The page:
BOOTLEG FILES 609: “Angel Puss” (1944 Looney Tunes cartoon directed by Chuck Jones).
LAST SEEN: The cartoon can be found on DailyMotion.com and Vimeo.
AMERICAN HOME VIDEO: None.
REASON FOR BOOTLEG STATUS: It has been removed from all commercial channels.
CHANCES OF SEEING A COMMERCIAL DVD RELEASE: Unlikely.
When you think of family-friendly entertainment, it is not likely that you would consider productions full of attempted murder, emotional torture and racial intolerance. Back in 1944, the cartoon “Angel Puss” incorporated those unfortunate elements into its story – and even in that distant era, its excessive unpleasantness created controversy.
BOOTLEG FILES 599: “Fantasia – The Censored Centaurs” (deleted characters from Disney’s 1940 masterwork).
LAST SEEN: It is on YouTube.
AMERICAN HOME VIDEO: None.
REASON FOR BOOTLEG STATUS: Racially motivated humor that the Mouse Factory does not want you to see.
CHANCES OF SEEING A COMMERCIAL DVD RELEASE: Oh, Lawdy!
In many ways, Walt Disney was way ahead of his times: his pioneering work in sound and color animation set new standards for filmmaking, and his genius for merchandising laid the foundation for contemporary Hollywood’s marketing machinery.
Director Jason Victor Everett’s short dramatic thriller “Skinhead Requiem” is a powerful and compelling short look at two men on the cusp of realization in their lives that they will take with them to their graves. Director Jason Victor Everett takes a startling transformation as the ultimate extremist skinhead, while the legendary Tom Noonan plays a priest speaking with him as he prepares to leave for his execution.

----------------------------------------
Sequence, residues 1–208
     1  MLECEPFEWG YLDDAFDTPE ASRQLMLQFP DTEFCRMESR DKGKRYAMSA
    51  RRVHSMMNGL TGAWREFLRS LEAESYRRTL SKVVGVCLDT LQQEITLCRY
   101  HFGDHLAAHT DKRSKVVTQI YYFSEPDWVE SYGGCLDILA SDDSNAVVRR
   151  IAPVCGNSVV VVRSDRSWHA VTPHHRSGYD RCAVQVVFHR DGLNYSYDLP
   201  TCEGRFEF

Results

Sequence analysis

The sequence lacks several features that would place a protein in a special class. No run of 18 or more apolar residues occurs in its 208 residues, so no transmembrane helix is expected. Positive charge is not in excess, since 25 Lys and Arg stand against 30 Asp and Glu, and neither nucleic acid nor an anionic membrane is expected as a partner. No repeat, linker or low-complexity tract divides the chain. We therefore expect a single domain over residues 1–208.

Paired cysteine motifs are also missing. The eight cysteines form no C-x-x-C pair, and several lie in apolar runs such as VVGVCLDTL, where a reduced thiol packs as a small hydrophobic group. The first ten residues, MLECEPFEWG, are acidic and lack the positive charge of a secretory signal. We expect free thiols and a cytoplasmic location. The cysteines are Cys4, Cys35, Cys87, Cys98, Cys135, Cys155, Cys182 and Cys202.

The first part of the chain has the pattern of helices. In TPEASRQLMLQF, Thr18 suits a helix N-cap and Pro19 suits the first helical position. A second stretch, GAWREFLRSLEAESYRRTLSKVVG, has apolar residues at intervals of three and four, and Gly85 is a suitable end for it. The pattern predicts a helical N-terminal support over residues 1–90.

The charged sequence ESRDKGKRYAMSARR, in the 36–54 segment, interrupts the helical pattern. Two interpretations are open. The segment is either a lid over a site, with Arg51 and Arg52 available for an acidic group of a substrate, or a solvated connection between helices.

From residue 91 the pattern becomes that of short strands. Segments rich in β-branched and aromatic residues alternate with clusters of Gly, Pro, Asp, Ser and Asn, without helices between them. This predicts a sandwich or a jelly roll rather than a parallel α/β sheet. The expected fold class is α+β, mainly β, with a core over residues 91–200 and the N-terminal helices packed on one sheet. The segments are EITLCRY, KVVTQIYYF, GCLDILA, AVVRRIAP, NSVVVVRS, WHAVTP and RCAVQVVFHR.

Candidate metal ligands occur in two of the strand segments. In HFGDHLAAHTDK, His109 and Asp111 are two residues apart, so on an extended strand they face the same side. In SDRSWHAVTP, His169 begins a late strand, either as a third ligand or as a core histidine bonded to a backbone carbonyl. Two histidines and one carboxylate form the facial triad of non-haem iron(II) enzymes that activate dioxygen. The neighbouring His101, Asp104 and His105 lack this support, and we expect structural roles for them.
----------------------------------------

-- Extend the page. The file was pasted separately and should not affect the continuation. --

I’m not sure why, but “Ooga Booga” is apparently in the same universe as “Zombies vs. Strippers.” Not only is the strip club mentioned in passing, but Charles Band shoe horns the woefully unfunny and poorly created recurring character Hambo, a dysfunctional children’s show host in to the movie for reasons I can’t possibly fathom. Perhaps these last two films have been produced by the same person who feels the need to jump start their own Hambo movie somewhere in the future, I can only imagine. This isn’t the first time Charles Band has indicated these movies are all in the same universe, but I’m shocked that Band and Full Moon would rely on a recurring character like Hambo. I’d far more expect Full Moon to create a more enigmatic and interesting character to appear in their films to bridge stories from time to time than a perverted clown with a pig nose who hosts a kids’ show. But lo and behold, that’s what “Ooga Booga” feeds us.
There’s something about shooting fish in a barrel, and if any modern equivalent of a movie which lent itself to post-modern bashing more than Avatar does, you might only have truly smug equivalents of Stepin Fetchit, and those examples are self-aware.